Access to the chaos of rocks that forms the peak of the Sokol Is possible only by two narrow roads upon which the enemy artillery and machine guns are concentrating their fire. On the left the granite rises perpendicularly; the attacking units depart for the assault, carrying ladders. Balancing themselves on the irregularities of the cliff, the men climb up under a barrage fire of extreme violence. • • • The battalion clings to a foothold 150 yards from the summit During the whole day it resists the enemy's counterattacks. Only at 10:30 In the evening does It gain the summit by a vigorous effort.

The strategic exploitation began on the 18th with the advance of the two wings on the Tcherna and Vardar and by pursuit to the north. Cavalrymen and aviators vied with each other in their ardor to precipitate a Bulgarian rout. On the 19th the two extreme armies, the French Army, under General Henrys, and the Anglo-Greek, under General Milne, attacked in the region of Doiran, advancing northward. The Franco-He.-enic detachment under General d'Anselme energetically supported the central attack amid the granite cliffs of the Dzena.

On Sept. 22 the Vardar was skirted from Gradzko to Demir-Kapou. On the 23d it was crossed. The Bulgarian Army was cut into two segments. On Sept 28, in a bold raid, the cavalry of General Jouinot-Gambetta entered Uskub.

ENEMY ARMY TRAPPED Everywhere the retreat of the Bulgars was becoming a rout and a debacle. But if the fragments of the First, Third, and Fourth Bulgarian Armies could get back into their own country, it was otherwise with the famous Eleventh German Army, which was obliged to beat a retreat to Uskub by a single road between Albania and the Tcherna. It was outstripped by the ardent pursuit of the French Army under General Henrys and penned up without food in the high wildernes regions where the Vardar has its sourct and in inhospitable Albania. The Italian troops, moreover, closed the exits from Albania. After the Bulgarian plenipotentiaries had signed the capitulation on Sept. 30 the Eleventh German Army, trapped in a blind canon, surrendered to General Henrys; 66,000 Bulgars, including five Generals and 1,287 officers, with 476 Germans, of whom fourteen were officers, defiled before the French Army at Uskub. General Henrys's order of the day on Oct. 6 thus summed up the capitulation of the Eleventh Army:

By a situation, unique in history, the Eleventh German Army, consisting of four divisions, being entrapped in a defile ninety kilometers in length, has surrendered. To the creators of this great victory, to the chiefs and the general staffs which have so ably served my thought, to the troops whose heroism in combat and superhuman energy in pursuit have vanquished the enemy, to the aviators who have always kept me perfectly informed and who have spent them

selves to the extreme limit in order to attack the enemy, to the services—particularly the automobile service—which, by their faultless functioning have permitted the advance of the army on a front of 200 kilometers and to a depth of 150, to all those whose devotion, spirit of absolute sacrifice, and unshakable confidence despite the Isolation of the distant East, have made it possible to inscribe in our military annals the glorious page of the victory of Uskub, thanks!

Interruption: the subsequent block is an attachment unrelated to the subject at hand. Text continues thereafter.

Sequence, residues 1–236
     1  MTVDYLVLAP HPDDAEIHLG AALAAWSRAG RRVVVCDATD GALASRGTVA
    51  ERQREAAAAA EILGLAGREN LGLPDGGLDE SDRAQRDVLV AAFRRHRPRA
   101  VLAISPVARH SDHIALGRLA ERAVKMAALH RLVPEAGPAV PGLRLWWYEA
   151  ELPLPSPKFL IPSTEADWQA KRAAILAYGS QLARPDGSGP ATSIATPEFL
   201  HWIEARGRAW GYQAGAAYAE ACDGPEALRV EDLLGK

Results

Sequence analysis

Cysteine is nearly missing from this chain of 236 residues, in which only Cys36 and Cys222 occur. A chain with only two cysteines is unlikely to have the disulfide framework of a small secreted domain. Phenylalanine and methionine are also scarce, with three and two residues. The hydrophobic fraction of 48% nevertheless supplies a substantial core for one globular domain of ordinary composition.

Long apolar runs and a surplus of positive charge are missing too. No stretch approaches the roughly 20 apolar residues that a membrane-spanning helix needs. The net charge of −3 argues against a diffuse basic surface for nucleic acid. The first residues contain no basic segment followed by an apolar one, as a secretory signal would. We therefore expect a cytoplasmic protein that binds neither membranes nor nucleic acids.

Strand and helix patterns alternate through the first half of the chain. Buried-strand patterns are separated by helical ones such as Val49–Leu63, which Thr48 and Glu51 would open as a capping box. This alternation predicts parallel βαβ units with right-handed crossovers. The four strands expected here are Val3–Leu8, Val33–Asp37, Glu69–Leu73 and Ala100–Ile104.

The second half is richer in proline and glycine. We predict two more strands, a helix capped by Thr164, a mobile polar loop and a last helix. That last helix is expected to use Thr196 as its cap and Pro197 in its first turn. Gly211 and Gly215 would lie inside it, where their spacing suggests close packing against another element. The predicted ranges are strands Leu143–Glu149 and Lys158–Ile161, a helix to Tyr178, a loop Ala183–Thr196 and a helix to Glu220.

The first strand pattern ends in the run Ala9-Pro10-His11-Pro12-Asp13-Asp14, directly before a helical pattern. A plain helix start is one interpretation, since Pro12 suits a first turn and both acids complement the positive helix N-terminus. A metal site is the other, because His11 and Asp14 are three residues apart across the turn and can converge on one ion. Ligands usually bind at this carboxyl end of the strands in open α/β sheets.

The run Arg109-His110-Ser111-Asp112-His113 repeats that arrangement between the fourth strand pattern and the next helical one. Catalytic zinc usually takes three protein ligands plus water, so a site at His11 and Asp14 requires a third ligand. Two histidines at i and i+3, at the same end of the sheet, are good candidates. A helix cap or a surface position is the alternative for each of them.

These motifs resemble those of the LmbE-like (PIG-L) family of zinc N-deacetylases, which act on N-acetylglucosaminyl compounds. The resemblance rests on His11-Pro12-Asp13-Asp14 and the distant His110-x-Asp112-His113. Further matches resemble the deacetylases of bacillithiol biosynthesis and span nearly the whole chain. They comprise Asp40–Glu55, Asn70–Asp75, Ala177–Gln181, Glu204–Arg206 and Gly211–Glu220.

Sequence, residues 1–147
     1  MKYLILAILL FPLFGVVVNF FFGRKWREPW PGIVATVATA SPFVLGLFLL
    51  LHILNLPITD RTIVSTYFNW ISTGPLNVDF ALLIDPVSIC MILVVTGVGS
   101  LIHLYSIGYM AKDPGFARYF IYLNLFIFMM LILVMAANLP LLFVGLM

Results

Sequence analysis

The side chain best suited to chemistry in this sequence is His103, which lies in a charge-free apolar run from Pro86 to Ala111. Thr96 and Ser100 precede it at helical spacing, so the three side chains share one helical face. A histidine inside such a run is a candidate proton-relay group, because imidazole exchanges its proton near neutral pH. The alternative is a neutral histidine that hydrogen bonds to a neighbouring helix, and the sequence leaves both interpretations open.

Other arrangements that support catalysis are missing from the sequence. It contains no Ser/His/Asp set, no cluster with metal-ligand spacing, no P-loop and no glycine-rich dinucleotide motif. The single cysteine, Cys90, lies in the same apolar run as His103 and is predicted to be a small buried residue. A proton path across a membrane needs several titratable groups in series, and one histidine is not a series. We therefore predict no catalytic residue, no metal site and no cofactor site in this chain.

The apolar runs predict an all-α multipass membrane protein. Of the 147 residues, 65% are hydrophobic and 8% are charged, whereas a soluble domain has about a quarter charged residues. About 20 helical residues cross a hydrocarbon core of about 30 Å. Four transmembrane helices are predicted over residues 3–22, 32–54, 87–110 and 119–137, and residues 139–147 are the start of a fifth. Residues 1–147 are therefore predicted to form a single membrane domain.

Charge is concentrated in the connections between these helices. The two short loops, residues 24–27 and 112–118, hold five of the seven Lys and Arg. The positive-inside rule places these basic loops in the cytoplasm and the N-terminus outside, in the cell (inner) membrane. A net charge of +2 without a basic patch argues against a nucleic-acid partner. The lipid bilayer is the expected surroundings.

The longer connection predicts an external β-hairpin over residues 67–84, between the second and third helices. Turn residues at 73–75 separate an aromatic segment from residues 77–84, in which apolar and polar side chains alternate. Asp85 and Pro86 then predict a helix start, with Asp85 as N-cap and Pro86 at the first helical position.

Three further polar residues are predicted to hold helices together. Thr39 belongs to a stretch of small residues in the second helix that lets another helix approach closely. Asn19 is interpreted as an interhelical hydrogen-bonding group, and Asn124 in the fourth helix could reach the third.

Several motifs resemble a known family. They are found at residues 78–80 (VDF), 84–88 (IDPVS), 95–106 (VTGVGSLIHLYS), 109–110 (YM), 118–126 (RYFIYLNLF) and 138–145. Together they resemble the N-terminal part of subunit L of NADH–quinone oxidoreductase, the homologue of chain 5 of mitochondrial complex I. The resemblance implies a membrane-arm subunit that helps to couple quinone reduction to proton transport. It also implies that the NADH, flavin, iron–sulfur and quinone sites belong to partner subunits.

The same words of praise might be addressed to all the allied troops in the East.

Such is the story, in mere outline, of the very remarkable battle of Macedonia, which freed the Balkans from the Germano-Bulgarian terror. I believe it will count among the most carefully planned and most decisive of the war; among the most admirable in military history. The French command in the East, as in the West, had demonstrated its mastery over the German command.

Britain's Share in the Macedonian Fighting

Summary of General Milne's Official Report of the Final Balkan Campaign

GENERAL SIR GEORGE MILNE, who, under General Franchet d'Esperey, commanded the AngloGreek Army near Lake Doiran in the battle of Macedonia, submitted his official report to the British War Office, which made it public on Jan. 22, 1919. It dealt with the operations in the Balkans from October, 1917, to the end of October, 191S, when the armistice with Turkey was signed. The British Army's part in the final campaign, if less spectacular than that of France and Serbia, was equally essential and decisive. On the Lake Doiran heights the British had to assault prepared positions of great natural strength, and they paid a heavy toll for their success. But they achieved their object:—the pinning down of the enemy's reserves in the Vardar Valley while the Franco-Serbian Army swept forward through the breach in the centre. General Milne disclosed the interesting faet that after Bulgaria's surrender an

allied army, under his command, was formed for an advance on Constantinople. This force was on the point of seizing Adrianople when the conclusion of the armistice with Turkey put an end to the operations.

During the greater part of the period covered by the dispatch the British force was responsible for the whole of the eastern sector of the front from the mouth of the Struma River to the Vardar Valley, a line of about 100 miles. The strength of the army had already been reduced by the transfer to another theatre of two divisions and two cavalry brigades, and in the early part of the Summer a fourth of the remaining infantry was transferred to France. The deficiency was made good by drawing upon the Greek forces. Up to the opening of the final offensive only minor operations were undertaken, consisting of raids on the enemy's positions. It was during June that the first indications of a low